Thursday, August 7, 2008

Solution to the Euro Crisis

Photo by Flickr user Bashed used under a Creative Commons license.

Carlos Delfino, JC Navarro, Nenad Krstic, Jorge Garbajosa, Bostjan Nachbar, Primoz Brezec, Josh Childress, Carlos Arroyo, Earl Boykins. This is a supposedly complete list of NBA players that have defected (I love how we just throw around that term like nothing) to Europe this off-season alone. Who's next? Carl Landry? Jason Williams?

We hear playful talk out of Lebron and Kobe saying that if offered 50 million dollars a year, they'd make the jump too. So what are we going to do about this?

Before we enter this discussion, let it be known that I realize it is very hard to change a CBA. Also that any changes outlined wouldn't go into effect until 2012. But here is my idea anyway.

I was thinking aout the David Beckham rule analogy I made when the Childress news broke, and I was wondering what would happen if a similar thing were espoused in the NBA. Let's keep the same basic structure of the current salary cap (Max Contracts, Mid-level exceptions, etc.), except allow for one exemption per team, an Overmax contract.

The basics of the Overmax would be that it is outside the rules of the salary cap. The salary given to this player has no maximum and does not count against your salary cap. This way, we aren't handcuffed by the salary cap and simply outbid by European teams.

Another problem with the current system is how it locks in mid-levelish players into an MLE type contract. Maybe Josh Childress was worth 8 million dollars to some NBA teams, but realistically most teams in the bidding were only going to offer a MLE. With the introduction of the Overmax, your second-tier player now gets between an MLE and a "max" contract.

Obviously, like with any system, there are problems with this. The primary problem behind this is that unlike the MLS, the NBA hinges upon having 3 superstars on your team, abiding by the Pareto Principle. The Overmax contract could lead to the death of the second (and third, for that matter) fiddle.

However, here are the ways around that:

  • 1. By trade: Teams can trade their Overmax players to other teams. The salary matching rules will still be in place, so a team will have to give up a lot to try to acquire an Overmax player by trade. However, we saw the Celtics trade away seven players to get Kevin Garnett last offseason, so such a thing isn't in the realm of impossible. Note that, unlike in the MLS, the team is not trading away their Overmax spot, just the player. The trading team then can go and sign another Overmax player in the off-season if they so wish.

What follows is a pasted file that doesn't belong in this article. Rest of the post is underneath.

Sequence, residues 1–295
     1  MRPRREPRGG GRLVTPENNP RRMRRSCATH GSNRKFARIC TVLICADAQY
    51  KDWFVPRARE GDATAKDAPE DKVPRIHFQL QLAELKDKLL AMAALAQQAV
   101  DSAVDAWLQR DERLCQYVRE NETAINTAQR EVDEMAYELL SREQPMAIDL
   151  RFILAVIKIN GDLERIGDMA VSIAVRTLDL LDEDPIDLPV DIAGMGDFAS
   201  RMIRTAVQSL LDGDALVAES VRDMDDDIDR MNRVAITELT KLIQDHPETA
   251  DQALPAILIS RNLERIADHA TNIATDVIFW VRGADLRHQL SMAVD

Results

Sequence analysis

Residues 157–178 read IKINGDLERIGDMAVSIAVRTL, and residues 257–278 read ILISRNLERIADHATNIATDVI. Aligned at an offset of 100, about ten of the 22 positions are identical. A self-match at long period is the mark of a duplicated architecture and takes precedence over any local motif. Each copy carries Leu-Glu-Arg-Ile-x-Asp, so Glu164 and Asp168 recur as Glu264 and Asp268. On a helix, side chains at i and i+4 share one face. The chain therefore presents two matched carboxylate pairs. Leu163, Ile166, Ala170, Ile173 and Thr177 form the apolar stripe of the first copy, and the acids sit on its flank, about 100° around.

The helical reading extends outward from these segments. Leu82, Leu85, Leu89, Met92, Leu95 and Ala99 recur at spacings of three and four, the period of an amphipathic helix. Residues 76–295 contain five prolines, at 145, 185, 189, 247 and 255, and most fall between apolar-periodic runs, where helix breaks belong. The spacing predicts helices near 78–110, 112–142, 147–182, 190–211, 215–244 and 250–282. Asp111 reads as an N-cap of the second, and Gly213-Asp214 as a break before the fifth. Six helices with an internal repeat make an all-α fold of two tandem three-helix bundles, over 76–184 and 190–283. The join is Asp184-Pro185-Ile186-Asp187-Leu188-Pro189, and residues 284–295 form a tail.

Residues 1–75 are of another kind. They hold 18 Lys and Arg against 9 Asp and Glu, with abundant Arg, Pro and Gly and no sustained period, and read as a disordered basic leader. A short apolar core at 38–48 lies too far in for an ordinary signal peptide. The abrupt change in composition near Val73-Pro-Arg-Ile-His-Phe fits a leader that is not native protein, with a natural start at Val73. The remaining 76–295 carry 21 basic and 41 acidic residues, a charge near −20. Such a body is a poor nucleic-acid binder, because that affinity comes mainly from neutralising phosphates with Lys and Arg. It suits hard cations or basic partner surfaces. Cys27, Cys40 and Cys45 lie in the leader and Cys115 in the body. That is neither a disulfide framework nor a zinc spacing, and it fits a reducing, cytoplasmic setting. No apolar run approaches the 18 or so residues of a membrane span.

• 2. Resigning: Similar to the current CBA, a team will always be allowed to offer an Overmax contract to keep a player on their team, regardless of cap situation. However, only one Overmax player's salary will be exempt from the luxury tax.

    This encourages teams to try to build up via the draft, as they know that after the rookie contract is up, they will be in prime position to offer the Overmax contract, as other teams might already have their hands tied. It does, however, give a lot of power to the player's current team to set their own price without a lot of negotiating power going to the player. But they are still theoretically bidding against Europe, so the player has that on their side.

    Another problem with this is that it leads to the death of the small market team. Maybe at the end of the day, the Utah Jazz can only pay Deron Williams 20 million dollars, while he hears offers of 40 from elsewhere. However, in this league, there are more stars than teams (I think, I haven't actually counted), so I'm pretty sure that some stars would have to settle for a normal max contract anyway (*tear*).

    I'm sure that there are many more problems that I haven't thought of or outlined here, so I'd appreciate your suggestions. Also, this all makes sense in my head, but if I haven't explained well enough, say so, and I will try harder to explicate more clearly.